Learning the signs of good produce versus bad produce is second nature when you grow your own food. You’ll learn how they’re supposed to feel and smell as well as how they should look.
If the Trucks Stop Running, You Don’t Stop Eating
If there was a nationwide issue, and the delivery trucks couldn’t make their routes, there wouldn’t be any food on store shelves!
Have you ever watched The Walking Dead? You know, the whole zombie apocalypse would surely break the system.
But beyond that, there might be other reasons you wouldn’t see trucks running. A strike would probably be at the top of that list.
Fuel shortages could very well stop the supply trucks, too — or at the very least, jack the prices sky high (which we’ve already covered).
At any rate, if you know how to fend for yourself in the garden, you won’t ever have to worry about this entire situation. You’re covered! You can grow your own food!
Avoid Cross Contamination
The CDC estimates roughly 48 million people each year get sick from foodborne illness. Of those, approximately 128,000 are hospitalized, and an average 3,000 die.
A lot of that is due to people who handle the food – from the field to market shelves – who may be infected with a virus, or by cross contamination from some other raw agricultural product.
That’s why it’s always important to wash your veggies, kids!
When you grow your own food, you know who has touched it, what they had, and (usually) how clean they were at the time.
But maybe your spouse who picked that ripe, juicy tomato is brewing the flu deep inside. They sneeze, wipe their hand on their pants, pluck that delicious fruit, and bring it in to slice up on a sandwich.
Always better to be safe than sorry! Wash that tomato! (…and your hands, for Christmas sake!)
Have you heard all the rave about this whole farm-to-table movement? It’s all the rage in major cities (and some smaller ones) around the globe!
From the US to the UK, chefs are loving working with local growers to ensure the freshest produce is used daily in their delectable dishes.
That said, you can’t get fresher produce than to go out in your own garden, pick it, prep it, and eat it!
Store bought produce gets handled over and over (potentially leading to that cross-contamination we spoke of earlier). You never really know just how fresh it is.
The quality of that store-bought produce is also lower the further it travels. Unless your grocer is of the “farm-to-table” mindset and buys locally grown produce, chances are a lot of what’s on their shelves come from out of state – if not out of country!
Help Your Community
Your home-grown food can actually come from a community garden or crop sharing program!
Maybe you don’t have enough room to grow all the yummy food you want to grow. Why not find a plot close to home and start a community garden with your neighbors? In fact, if you’re an apartment dweller, you could even talk to your apartment manager about starting one for the residents!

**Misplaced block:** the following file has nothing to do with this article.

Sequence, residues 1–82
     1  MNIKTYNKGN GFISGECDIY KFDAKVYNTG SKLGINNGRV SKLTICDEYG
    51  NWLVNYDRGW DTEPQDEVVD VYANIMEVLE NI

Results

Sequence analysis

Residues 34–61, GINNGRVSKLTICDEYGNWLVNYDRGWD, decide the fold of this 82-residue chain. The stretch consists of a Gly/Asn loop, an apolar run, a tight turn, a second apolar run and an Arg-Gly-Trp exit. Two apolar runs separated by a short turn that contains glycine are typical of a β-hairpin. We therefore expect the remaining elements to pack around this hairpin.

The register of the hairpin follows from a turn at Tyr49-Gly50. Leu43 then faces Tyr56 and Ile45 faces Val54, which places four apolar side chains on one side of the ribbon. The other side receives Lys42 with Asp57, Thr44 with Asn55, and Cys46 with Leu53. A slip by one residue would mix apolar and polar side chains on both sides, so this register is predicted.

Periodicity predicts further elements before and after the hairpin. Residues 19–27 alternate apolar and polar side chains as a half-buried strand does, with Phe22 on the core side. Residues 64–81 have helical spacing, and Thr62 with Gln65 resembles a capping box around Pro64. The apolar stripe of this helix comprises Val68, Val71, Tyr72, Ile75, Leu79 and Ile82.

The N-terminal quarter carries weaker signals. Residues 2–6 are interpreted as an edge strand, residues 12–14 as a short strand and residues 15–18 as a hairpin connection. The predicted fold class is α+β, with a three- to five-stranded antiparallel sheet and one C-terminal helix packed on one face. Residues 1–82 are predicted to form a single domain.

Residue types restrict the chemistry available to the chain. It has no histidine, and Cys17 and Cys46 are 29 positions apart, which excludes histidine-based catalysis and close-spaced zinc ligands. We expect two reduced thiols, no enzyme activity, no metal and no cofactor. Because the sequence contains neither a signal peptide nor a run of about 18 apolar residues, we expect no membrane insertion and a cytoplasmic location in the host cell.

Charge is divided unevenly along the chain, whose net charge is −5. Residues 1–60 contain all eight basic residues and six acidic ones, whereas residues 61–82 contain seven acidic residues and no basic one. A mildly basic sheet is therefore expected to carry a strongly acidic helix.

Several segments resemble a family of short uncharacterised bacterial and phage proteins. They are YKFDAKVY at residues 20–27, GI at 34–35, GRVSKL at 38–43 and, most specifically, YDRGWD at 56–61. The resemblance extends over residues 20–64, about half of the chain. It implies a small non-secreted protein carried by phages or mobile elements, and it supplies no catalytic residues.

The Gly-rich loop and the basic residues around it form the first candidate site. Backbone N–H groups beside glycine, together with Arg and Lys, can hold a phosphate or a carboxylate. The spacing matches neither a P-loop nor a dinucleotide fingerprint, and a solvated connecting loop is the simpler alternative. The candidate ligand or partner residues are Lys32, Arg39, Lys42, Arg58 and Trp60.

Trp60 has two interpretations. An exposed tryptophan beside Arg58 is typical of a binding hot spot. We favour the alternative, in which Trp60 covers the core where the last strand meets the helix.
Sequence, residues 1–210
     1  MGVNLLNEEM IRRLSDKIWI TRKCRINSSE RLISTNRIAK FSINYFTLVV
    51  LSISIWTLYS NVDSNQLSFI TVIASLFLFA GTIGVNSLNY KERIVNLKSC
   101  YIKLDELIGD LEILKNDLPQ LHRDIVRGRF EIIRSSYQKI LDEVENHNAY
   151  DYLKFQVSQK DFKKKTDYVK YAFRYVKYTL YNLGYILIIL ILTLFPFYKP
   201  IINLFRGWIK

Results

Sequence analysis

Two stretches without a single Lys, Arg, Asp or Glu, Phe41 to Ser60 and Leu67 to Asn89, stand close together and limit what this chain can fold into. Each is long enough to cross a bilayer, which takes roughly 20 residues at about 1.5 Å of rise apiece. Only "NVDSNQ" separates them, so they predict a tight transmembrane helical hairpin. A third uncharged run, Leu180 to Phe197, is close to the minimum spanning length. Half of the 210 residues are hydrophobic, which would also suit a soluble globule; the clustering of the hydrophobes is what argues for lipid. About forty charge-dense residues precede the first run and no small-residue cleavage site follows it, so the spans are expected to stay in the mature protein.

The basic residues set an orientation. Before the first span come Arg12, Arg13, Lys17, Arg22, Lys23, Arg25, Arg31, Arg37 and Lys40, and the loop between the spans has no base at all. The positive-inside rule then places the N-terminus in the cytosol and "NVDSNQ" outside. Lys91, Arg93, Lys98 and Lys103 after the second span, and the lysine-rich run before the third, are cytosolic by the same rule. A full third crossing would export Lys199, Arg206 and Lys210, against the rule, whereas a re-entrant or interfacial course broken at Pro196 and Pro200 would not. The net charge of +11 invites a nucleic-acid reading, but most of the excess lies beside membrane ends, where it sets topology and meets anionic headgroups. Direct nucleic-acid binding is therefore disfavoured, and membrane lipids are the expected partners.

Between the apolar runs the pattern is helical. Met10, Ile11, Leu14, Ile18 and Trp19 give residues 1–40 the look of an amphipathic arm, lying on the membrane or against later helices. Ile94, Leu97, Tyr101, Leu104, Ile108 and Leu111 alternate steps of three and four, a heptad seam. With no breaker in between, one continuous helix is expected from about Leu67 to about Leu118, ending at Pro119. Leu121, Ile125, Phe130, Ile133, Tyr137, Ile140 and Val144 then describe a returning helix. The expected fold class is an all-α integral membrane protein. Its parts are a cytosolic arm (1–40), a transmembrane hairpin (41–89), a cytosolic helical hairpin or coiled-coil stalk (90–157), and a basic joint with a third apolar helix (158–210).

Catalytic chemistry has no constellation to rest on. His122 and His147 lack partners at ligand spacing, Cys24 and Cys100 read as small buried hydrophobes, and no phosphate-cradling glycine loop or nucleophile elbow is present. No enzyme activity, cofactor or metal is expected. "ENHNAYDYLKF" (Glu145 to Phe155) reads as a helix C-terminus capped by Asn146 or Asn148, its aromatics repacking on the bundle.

If you do have enough room to grow your own food, grow as much as you can! Maybe you find out you’re a terrific melon farmer, but you’re not very good at growing squash, lettuce and okra. That’s where one of the next two options come into play!
Look for or start your own local crop sharing program where you team up with other local homestead growers to share your crops. You grow the melons, someone else grows the squash, a third person grows the tomatoes… and then you all get together once every so often to exchange produce. That way, you all have something to offer and something to take back home with you!
That there’s what we call your basic homestead bartering!
Make a Few Extra Bucks on the Side
If you’re really ambitious and have a lot of space to grow food, why not grow more than you need?
You can set up a small stand at the end of your driveway to sell the extra produce you’ve grown!
We actually had someone that lived near us when we lived further out in the boonies than we are now. They had a huge garden in the back that grew the best watermelons I have ever eaten in my life!
They started by just growing their own, then they expanded more and more each year until they had so many they couldn’t eat them all.
So maybe you’ve got an exceptionally green thumb?
Grow another couple of rows of corn. Double up on your pepper plants. Expand your okra plot. Then take all that extra goodness and make some additional coin from it!
…and if you can’t set up a roadside stand somewhere to peddle your produce, check into a small stall at a local farmer’s market!
Do you grow your own food?
The road to self-reliance is paved with hard work and rinsed daily by sweat. You can’t get anywhere by sitting around waiting for someone to do it for you.
If you’re brand new to the idea of gardening, I urge you to check out the book Food Grown Right, in Your Backyard! It’ll get you started teaching you the basics, like where to put your garden, how to test your soil and how to keep your plants alive!
Being able to grow your own food is probably the best way to provide for your family. Grow only what you know you’ll eat — if you don’t like zucchini, why plant it in the first place?
I love hearing about other people’s success in the garden! Leave a comment below and tell me how and when you got started gardening.